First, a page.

PowersThatBe: "Well, then, you'll need Human Subjects Research approval. Here's a bunch of paperwork you'll need to fill out that will get processed by an independent review board, and also you'll need to redo your proposal with this new template, and you'll need to take CITI training. Please list everyone who will be working on your project, provide their CV, and list exactly which databases will be accessed and why. You will need to determine exactly how much project time will be allocated to HSR and budget that into a separate CLIN. Expect document preparation, review, training, and so forth to cost $8k-$10k."

Meanwhile in Germany...
"Yo, Hans, vat do you say vee stick a whole bunch of dummkopfs in a stadium und see who gets zee COVID?"
"Jah, sounds cool. Approved."


Yes. Because it's exactly like that here.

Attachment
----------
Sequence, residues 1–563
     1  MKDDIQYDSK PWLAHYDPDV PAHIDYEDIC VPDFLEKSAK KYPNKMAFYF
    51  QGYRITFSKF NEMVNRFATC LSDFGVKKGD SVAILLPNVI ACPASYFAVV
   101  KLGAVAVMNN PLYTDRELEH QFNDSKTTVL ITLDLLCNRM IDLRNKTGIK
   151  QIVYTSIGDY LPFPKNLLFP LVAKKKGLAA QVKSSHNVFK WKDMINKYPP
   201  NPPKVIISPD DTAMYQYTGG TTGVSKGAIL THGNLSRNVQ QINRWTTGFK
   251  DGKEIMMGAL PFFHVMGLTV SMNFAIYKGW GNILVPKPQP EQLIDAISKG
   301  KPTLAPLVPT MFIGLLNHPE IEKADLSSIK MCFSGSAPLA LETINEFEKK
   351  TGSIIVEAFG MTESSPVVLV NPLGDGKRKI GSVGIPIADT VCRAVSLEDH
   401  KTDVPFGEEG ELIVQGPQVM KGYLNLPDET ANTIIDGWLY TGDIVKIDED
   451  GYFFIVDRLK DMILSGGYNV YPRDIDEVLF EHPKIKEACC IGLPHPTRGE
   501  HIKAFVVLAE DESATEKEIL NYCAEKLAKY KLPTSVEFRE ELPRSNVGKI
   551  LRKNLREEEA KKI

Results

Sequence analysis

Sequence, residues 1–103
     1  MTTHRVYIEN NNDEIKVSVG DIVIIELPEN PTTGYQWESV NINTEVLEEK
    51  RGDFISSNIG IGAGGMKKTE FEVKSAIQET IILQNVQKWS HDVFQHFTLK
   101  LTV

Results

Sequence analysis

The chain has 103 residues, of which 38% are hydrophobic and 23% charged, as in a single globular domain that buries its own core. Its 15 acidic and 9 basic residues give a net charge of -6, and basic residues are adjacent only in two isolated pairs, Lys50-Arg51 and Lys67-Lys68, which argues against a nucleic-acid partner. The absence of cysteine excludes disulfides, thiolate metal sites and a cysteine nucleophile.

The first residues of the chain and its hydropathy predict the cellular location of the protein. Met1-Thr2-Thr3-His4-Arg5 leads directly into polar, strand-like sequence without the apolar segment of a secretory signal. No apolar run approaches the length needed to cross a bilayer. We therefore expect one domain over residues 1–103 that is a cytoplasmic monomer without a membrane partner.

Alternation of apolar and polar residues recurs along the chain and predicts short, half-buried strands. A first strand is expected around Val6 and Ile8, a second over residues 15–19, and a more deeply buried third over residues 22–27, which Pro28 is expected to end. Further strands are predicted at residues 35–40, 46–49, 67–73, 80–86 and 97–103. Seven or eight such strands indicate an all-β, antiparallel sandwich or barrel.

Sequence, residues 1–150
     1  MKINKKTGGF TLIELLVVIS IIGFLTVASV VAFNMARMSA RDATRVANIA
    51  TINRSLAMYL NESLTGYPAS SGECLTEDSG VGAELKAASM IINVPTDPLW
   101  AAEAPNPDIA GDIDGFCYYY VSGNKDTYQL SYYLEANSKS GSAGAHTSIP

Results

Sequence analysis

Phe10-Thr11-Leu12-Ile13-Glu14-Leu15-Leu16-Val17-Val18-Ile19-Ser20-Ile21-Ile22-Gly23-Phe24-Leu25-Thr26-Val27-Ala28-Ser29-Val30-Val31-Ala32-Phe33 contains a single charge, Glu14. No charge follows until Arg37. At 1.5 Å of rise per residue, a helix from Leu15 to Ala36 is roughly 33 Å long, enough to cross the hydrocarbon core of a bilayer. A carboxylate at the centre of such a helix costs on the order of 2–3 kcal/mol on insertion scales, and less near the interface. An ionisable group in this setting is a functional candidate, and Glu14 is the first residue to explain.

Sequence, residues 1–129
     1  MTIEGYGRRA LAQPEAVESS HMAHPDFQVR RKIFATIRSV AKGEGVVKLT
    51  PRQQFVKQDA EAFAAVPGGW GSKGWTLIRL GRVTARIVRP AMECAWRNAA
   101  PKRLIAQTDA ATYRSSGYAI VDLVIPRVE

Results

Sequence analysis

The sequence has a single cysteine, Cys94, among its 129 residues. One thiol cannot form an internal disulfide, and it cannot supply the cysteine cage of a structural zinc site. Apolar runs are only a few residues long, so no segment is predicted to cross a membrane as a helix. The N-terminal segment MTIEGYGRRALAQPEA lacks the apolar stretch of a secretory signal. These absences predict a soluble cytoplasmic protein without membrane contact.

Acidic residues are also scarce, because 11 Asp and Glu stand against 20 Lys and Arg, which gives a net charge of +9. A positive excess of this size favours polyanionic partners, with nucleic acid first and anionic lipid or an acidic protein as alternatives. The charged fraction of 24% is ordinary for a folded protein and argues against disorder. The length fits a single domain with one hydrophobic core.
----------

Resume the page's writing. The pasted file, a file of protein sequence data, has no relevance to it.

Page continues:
2020-08-23 9:22:18 AM  
To see how 'fluorescent hand gel' spreads.
 
2020-08-23 9:23:14 AM  

thealgorerhythm: History Lesson: the two biggest influences on current international laws about human rights in medical experimentation were 1. Nazi prison camps, and 2. The United States' Tuskegee syphilis experiments on black people.

This experiment, which does seem worthwhile, had to demonstrate to a panel of experts and community representatives that any risk involved was acceptable given the benefit potential to society. Furthermore, all participants have to be given permission slips that explain exactly what is going on, and giving them the right to quit at any time and call a review office with complaints.


Not that I approve of unethical human experimentation but understand the impulse to rationalize it as a greater good to cure a terrible disease and save lives. But for the last 30+ years of the study (it went on for more than 40) there was a cure for syphilis. Cruelty was the point.